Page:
What a month it’s been. We’ve had the pedal to the metal trying to get as much finished as possible before we head home in a couple of weeks. The last few weeks have thrown up some major challenges, and at times it seemed that just when we needed a concerted effort from our builders, the work slowed to a snail’s pace. It’s been a bit like trying to compete in the F1 with a horse and cart.
There are some entirely understandable reasons for the delays, such as the weather, the death of a family member in the case of one family team, and worst of all, injuries. Unfortunately, a couple of weeks ago Debora (Hans’s wife) got badly burnt using petrol to light a fire. Her burns were definitely severe and extensive enough to need hospitalisation, but for whatever reason the family didn’t want to take up that option, and hard as it is for us foreigners, we have to respect their wishes. So, Bruce and I ended up administering what first aid we could with the supplies we have on board, which were pretty limited for such extensive burns. Bruce is generally much better at this stuff than me but given the location of her burns it was more appropriate for me to do most of her dressings. I can honestly say it’s been very confronting and has given me new-found respect for all those wonderful paramedics, nurses, and doctors who do this stuff on a daily basis (Nick Amidy, Liz Crowe, Sarah Gleeson – you’re my heroes). Eventually, my increasingly desperate pleas to the family to get professional help resulted in a visit by a local doctor – an elderly gentleman originally trained by the Dutch when they colonized this area, and he seemed pretty savvy. He set up an IV drip, gave Debora antibiotics and more pain meds and intends to visit regularly, so I’m somewhat relieved. Sadly, her recovery will be very slow and painful, and I don’t think either she or the family fully understand the seriousness of her condition and the complications that can arise. It’s also another sobering reminder of how extensive our first aid kit will need to be when we live here – not just for us, but for our neighbours.
However, there are also inexplicable reasons for some of the slow building progress – Team Andreas, who were building the lounge/dining room are still AWOL, and the two other teams building the guesthouses disappeared with the houses only half-finished. We’re not sure but we suspect the problem may lie in the fact that Hans paid his relatives upfront for the building work instead of withholding some of the payment until completion. Families, eh?
So, where are we up to? Well, the two most important buildings are now finished – our house and the workshop/kitchen, and we’re very happy with how they’ve turned out. We now have somewhere we can store our belongings securely until we come back.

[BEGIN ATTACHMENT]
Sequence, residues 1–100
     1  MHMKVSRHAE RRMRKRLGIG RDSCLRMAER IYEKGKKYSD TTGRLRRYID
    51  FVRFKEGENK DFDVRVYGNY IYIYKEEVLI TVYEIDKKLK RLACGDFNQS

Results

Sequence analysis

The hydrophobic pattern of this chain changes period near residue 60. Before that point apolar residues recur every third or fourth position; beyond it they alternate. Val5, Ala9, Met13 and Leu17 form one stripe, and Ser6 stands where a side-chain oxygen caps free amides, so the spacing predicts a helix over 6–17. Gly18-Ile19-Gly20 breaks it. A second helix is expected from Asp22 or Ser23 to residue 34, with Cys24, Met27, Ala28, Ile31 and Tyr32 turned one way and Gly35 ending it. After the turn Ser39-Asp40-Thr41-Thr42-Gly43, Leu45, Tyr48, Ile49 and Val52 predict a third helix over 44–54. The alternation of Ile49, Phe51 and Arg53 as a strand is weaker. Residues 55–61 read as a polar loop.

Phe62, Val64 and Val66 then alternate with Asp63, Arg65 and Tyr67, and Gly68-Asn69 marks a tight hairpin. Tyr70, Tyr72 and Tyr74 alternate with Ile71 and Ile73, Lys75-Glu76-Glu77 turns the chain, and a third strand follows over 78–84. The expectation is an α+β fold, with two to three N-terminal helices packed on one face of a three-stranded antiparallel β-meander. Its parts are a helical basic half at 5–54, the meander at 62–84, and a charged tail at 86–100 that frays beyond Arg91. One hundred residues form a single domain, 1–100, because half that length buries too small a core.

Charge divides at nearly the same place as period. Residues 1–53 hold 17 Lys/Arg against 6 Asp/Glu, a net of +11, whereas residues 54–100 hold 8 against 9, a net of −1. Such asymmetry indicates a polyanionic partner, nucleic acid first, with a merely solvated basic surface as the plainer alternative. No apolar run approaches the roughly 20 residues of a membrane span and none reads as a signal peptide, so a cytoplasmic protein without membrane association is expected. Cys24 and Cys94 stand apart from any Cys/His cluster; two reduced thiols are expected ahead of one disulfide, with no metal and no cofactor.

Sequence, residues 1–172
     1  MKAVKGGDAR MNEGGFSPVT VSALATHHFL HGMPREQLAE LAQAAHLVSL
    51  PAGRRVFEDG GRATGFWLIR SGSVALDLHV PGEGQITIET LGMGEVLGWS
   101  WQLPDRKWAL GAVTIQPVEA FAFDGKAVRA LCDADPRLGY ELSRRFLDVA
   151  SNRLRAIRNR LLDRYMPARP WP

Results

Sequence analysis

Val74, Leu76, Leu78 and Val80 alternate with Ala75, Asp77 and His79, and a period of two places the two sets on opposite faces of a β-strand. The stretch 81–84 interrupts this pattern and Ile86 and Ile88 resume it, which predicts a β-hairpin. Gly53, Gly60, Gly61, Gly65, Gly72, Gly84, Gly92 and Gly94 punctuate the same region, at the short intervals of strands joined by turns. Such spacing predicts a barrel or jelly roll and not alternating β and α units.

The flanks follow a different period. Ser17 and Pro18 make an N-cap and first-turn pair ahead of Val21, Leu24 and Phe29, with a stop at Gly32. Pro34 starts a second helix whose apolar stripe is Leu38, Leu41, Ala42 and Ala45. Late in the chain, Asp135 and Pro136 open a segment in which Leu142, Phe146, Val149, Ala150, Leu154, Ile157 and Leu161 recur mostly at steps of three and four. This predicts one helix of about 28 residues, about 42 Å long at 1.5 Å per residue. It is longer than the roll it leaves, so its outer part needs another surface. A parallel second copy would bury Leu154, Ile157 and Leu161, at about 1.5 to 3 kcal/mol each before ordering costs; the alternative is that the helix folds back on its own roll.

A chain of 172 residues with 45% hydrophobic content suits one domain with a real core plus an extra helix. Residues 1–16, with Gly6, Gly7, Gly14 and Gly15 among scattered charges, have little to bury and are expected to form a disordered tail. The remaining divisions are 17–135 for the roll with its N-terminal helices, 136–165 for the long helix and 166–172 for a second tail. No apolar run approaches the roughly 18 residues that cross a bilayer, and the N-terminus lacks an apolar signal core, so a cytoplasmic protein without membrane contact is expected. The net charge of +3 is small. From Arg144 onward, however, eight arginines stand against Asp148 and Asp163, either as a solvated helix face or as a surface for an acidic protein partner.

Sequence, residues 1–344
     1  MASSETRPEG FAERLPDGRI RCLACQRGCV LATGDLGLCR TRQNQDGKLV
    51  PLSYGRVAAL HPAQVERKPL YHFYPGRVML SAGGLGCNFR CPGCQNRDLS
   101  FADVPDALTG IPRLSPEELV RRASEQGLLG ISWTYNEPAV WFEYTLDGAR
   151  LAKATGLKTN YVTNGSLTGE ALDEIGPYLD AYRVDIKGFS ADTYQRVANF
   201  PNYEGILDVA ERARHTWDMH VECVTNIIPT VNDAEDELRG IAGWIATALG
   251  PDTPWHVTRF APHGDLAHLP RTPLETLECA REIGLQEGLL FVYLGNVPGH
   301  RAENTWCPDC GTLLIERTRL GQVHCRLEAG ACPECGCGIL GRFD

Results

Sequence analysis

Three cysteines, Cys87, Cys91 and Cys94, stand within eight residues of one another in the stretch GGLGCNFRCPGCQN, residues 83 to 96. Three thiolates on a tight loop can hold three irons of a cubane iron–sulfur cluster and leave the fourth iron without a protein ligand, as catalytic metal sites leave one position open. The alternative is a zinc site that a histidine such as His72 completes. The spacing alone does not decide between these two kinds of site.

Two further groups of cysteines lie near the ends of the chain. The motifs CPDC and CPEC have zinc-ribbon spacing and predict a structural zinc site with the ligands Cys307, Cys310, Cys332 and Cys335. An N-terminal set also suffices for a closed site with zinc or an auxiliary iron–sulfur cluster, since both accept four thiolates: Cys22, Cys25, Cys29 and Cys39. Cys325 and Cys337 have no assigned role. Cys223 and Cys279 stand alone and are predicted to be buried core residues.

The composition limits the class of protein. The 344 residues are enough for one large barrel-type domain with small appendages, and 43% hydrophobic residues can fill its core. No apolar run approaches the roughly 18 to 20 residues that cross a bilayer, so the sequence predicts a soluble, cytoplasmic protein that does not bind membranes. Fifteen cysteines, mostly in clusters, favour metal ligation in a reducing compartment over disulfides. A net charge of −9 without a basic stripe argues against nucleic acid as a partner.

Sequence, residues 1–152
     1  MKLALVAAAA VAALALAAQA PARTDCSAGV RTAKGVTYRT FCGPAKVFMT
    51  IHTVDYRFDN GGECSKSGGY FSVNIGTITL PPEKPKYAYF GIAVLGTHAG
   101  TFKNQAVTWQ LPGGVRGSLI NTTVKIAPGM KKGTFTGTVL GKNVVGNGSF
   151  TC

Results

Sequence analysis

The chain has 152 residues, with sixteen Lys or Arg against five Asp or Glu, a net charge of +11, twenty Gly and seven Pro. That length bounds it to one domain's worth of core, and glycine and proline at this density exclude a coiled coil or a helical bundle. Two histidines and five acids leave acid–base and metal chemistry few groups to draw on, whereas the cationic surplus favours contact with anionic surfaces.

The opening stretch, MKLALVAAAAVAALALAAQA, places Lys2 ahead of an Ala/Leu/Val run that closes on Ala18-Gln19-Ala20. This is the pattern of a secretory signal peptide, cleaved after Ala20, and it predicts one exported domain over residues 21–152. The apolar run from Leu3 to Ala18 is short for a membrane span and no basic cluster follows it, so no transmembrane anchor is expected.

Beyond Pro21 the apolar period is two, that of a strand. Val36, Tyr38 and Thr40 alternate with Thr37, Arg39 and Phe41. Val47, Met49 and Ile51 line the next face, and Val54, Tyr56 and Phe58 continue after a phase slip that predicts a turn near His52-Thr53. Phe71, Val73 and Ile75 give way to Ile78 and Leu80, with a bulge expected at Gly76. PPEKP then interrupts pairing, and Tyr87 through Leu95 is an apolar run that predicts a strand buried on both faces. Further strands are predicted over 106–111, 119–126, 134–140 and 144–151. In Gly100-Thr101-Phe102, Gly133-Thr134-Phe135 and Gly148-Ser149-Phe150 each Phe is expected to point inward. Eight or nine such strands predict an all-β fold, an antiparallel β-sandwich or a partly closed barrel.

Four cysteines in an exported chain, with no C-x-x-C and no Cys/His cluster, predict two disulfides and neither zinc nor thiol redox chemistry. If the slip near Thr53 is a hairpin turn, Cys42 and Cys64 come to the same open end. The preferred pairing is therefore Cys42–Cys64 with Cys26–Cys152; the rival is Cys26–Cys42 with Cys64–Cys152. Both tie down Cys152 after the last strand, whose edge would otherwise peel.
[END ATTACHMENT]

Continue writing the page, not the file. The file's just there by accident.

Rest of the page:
Also, as of last week, some of the building teams returned and the roofs are now finished on all the buildings, and floors are starting to go in.
And the toilets are installed, albeit a little exposed!
Courtesy of Hans’s mum, I even have the beginnings of a banana plantation.
We’ll just have to trust that the family can sort out the problems with their relatives and get the other buildings completed by the time we return in six months.
In the meantime, Bruce has been working like a demon, getting the solar panels installed and connected to the batteries, putting in power points and switches, and starting the plumbing and electrical installations.
On our latest trip to Sorong we collected the 12-volt freezer we’d bought online (which we’ve just discovered isn’t working, so we’ll need to take it back to Sorong for repair. *sigh*).
We also bought a fridge, washing machine, and 20 containers of water to put in our water storage tank. We’ve run out of time and money to buy a watermaker and install it, so when we return it’ll be the first thing on our ‘to-do’ list. The rest of the furniture, including beds, we’ll order while we’re away and hope to co-ordinate their arrival in Sorong with our return. Then it’ll ‘just’ be a matter of organising transport to get them out to the island. It’s something of a logistical nightmare (not to say stressful), and we wish we had more time to get everything finished. But the winds wait for no man, and we have to get Toucan home before the south-easterly trade winds kick in.
In the meantime, our runabout ‘panga’-style speedboat is now finished and looking great.
It’s been built in Waisai (the main town in Raja Ampat) by Hans’s brother, Renol. We were wondering how to get it to Sorong to have the motors and steering system installed, but Hans’s younger brother, Morales, has offered to put a spare outboard on it and drive it over on Wednesday, and then we’ll get Wick’s mechanic to install the two 40HP outboards and steering gear and hopefully have it ready for a sea trial by the end of the week. We may even do a day trip back to Dayan to drop off the freezer if we can get it fixed in time. All being well, it should take a couple of hours each way, so that’ll be a pretty good test of our new ‘wheels on the water’!
For the last week, we’ve been divesting Toucan of all the gear we want to leave on the island – dive equipment, kayaks, tools, bedding etc. It’s amazing how much stuff you can collect on a boat! We could almost hear her breathing a sigh of relief as she floated higher in the water. Hopefully it will also help us have a faster trip home next month.
We’re on the final straight, and completely knackered. We have to keep reminding ourselves how wonderful it’ll be when it’s all finished. We dream of relaxing in our hammock in the shade, or watching the sunset from our lounge. Now there’s something to look forward to!